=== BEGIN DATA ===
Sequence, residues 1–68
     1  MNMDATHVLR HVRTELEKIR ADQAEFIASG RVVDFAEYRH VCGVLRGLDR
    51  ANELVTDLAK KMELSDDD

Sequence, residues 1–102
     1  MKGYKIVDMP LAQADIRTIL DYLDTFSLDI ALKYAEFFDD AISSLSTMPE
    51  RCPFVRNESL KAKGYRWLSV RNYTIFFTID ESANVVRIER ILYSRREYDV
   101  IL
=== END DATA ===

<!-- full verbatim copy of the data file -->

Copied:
Sequence, residues 1–68
     1  MNMDATHVLR HVRTELEKIR ADQAEFIASG RVVDFAEYRH VCGVLRGLDR
    51  ANELVTDLAK KMELSDDD

Sequence, residues 1–102
     1  MKGYKIVDMP LAQADIRTIL DYLDTFSLDI ALKYAEFFDD AISSLSTMPE
    51  RCPFVRNESL KAKGYRWLSV RNYTIFFTID ESANVVRIER ILYSRREYDV
   101  IL